For the last couple years, when people have asked me what is needed to improve the startup eco-system in New England, my response has been “more shots on goal”.
I have firmly believed in this. It was (and continues to be) important to break the impression that starting a company is only for the extremely experienced and extremely well pedigreed. I think talented people should be encouraged to take a swing and build something, and more experienced members of the startup community should do more to contribute to the ecosystem.
But I think things have changed a bit in the past few years – activity levels are on the rise, investors are more open to backing younger entrepreneurs, and there are many great projects in the works. Even while this weekend’s Globe article lamented certain weaknesses in this region, the article points to the fact that the local startup culture is indeed changing. But as I was quoted in the article, I think this momentum should bring an evolution in focus. It’s time for the start of Act II, and this act is less about more “shots on goal” and more about “Golazo”.
For those of you unfamiliar with the phrase, “Golazo” is a Spanish soccer slang for an “awesomely amazing goal”. In this context, what I mean is that while volume of activity is great, what we need is more truly remarkable, enduring successes that will inspire hundreds more because of them.
Easier said than done, obviously, and I’m still trying to figure out exactly what I think this means practically. But I’ll offer a couple more specific thoughts.
First, for entrepreneurs, “Golazo” means grander ambitions and building a foundation for enduring companies. That starts with the strength of early teams. In recent years, the increased availability of seed capital has led to an interesting tradeoff for talented folks. Do I join the early team of a startup for a point or two of equity? Or do I start my own thing and own all of it? Increasingly, the biggest competitor to recruiting isn’t Google or Facebook, it’s the option of striking out on one’s own (this is actually most acute in Silicon Valley).
I think this is generally a good sentiment. But I also think that some projects are just more worthy of the efforts of extremely bright people than others. Plus, being a small part of a monstrous endeavor can be more fulfilling (and financially rewarding perhaps) than being a large part of something less ambitious. I think (and hope) that we are going to start seeing more teams with deeper density of talent going after more ambitious projects in the next several years. That’s one of the reasons why I’m so excited to be involved with the founders of Boundless Learning, each of whom could have probably raised money for three different companies, but chose to work together on one massive opportunity.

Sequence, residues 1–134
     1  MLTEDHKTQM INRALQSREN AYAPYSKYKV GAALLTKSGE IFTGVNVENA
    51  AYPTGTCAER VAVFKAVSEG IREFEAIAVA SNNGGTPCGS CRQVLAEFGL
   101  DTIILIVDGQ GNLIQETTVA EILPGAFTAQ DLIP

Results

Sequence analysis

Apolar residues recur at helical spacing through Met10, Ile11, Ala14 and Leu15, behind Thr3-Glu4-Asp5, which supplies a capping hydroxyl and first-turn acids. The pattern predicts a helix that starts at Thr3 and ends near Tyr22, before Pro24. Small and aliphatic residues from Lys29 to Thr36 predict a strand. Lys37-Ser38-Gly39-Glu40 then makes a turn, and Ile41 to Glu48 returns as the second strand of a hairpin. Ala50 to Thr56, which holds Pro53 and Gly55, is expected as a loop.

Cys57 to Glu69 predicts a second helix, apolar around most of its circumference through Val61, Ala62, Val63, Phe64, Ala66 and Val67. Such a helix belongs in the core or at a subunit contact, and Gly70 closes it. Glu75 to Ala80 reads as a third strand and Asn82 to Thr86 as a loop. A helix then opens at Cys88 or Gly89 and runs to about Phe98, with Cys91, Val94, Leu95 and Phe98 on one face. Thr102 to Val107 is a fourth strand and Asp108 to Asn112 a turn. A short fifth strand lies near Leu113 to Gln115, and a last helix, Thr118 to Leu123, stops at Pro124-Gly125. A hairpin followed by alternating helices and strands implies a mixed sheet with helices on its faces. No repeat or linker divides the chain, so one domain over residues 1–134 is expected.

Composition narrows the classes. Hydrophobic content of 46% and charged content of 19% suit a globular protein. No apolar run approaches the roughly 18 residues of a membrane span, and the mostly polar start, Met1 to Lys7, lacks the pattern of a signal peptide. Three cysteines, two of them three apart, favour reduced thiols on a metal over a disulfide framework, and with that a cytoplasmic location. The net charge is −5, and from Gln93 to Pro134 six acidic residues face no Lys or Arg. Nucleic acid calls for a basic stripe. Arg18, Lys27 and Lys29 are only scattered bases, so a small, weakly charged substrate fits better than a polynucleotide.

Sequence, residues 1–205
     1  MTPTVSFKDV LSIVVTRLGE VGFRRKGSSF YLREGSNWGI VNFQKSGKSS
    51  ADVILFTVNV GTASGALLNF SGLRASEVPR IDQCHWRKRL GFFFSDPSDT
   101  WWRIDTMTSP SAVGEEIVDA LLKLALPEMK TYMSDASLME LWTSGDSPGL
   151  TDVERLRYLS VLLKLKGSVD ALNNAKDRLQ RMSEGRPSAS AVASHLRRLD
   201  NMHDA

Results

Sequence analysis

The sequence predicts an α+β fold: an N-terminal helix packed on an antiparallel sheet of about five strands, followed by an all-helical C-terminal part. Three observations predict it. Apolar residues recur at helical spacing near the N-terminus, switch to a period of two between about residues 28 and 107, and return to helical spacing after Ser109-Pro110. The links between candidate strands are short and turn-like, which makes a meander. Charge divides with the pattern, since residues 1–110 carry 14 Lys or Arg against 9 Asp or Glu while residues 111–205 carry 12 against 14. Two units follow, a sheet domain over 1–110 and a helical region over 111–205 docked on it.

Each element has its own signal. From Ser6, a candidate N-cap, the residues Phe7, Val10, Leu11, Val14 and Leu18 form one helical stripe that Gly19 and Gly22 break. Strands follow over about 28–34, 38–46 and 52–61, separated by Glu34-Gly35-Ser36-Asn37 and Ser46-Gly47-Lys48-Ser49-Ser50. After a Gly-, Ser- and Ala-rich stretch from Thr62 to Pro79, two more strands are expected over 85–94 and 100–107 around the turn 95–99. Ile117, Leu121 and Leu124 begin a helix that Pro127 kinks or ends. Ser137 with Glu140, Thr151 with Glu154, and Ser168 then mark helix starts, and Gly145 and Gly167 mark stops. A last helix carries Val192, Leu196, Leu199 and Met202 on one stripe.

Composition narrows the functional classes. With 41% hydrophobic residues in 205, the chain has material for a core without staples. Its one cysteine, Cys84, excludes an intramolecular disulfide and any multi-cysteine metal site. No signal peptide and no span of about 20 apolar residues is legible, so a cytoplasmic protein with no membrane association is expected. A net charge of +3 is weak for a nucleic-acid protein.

Second, as a contributor and participant in the startup ecosystem, “Golazo” means investing more time in fewer high-quality areas. Given the wealth of activity that has sprung up in the past several years, I find that many of the generous mentors and experienced entrepreneurs in our community are spread pretty thin. We are all trying to be as supportive as we can be, so we volunteer to speak on a panel here, be a mentor there, etc. But shallow involvement in many projects probably isn’t nearly as impactful as really taking emotional ownership of a company or a cause and being a champion for it.
I was very impacted by TechStars Demo Day in New York this year when each company was introduced by their primary mentor. Although I’m sure each team benefited by exposure to many great folks, the fact that one person took it upon themselves to really try to impact one team to be as successful as possible was very powerful. I hope TechStars Boston is taking the same tact. I’m going to try to bring that mindset with me in some of the things I’m involved with as well.
I’m excited to see how Act II unfolds. It’s early, but we are building off a strong base with a ton of momentum. I’m glad to be a small part of it.